Multicultural children's literature can be effectively integrated into family literacy and adult ESL programs to develop English language oral proficiency, literacy, and content skills and to build cross-generational collaboration and appreciation of other cultures. Nonfiction picture books that are presented in a mature style can provide factual information and valuable curricular material. Stories with themes of intergenerational conflict, emigration, and immigration will interest adult learners who can also share them with their children.

Recommended Books for Adult ESL Classes

This book list was developed from the six selection criteria for adult learners described above. To help teachers effectively integrate literature in their classrooms, an English proficiency level was identified for each book, based on grammatical structures in the California standards for adult ESL education programs (California Department of Education, 1992). The proficiency levels also reflect the amount of text per page, overall complexity of language and vocabulary, and level of the story's concreteness (vs. abstractness). These levels are meant to guide teachers, not limit them; therefore, teachers are encouraged to try any of these books with any group of students, editing, simplifying, or amplifying as needed.

Literacy Level

Hoban, T. (1987). 26 letters and 99 cents. New York: Greenwillow Books. This book is useful for basic literacy focusing on numbers and money, letters, and pictures. Its large, clear pictures suggest many teaching applications. See also other basic concept books by the author (e.g., I Read Signs, 1983).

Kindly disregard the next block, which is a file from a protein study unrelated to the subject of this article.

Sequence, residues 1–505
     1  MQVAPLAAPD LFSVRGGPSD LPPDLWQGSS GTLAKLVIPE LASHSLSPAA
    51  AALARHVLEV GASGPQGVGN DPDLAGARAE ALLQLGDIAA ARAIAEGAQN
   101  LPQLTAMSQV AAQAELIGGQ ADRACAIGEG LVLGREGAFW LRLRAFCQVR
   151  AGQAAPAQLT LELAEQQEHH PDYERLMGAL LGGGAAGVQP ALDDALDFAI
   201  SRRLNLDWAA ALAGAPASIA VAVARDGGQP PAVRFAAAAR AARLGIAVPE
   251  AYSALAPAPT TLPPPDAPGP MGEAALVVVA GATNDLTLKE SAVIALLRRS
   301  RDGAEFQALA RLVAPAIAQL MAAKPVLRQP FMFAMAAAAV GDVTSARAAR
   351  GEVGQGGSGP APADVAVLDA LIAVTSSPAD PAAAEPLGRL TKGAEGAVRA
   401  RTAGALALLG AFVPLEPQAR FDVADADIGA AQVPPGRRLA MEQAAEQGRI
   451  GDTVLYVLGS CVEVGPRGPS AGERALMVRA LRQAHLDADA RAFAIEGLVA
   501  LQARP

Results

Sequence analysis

Hoban, T. (1997). Construction zone. New York: Greenwillow Books. This book is simple and clear. There is a picture of one piece of construction machinery and one word per two-page spread. More vocabulary for construction workers is provided at the back of the book.

Pomeroy, D. (1996). One potato. A counting book of potato prints. New York: Harcourt Brace. Each number (1-10, 20, 30, etc.) is associated with attractive food, and each two-page spread is illustrated by an appetizing potato print.

Siddals, M. K. (1997). Tell me a season. Illustrated by P. Mathers. The vocabulary of seasons, colors, and nouns from nature comprises the minimal text in this simple book. This book can also be used to introduce adjectives.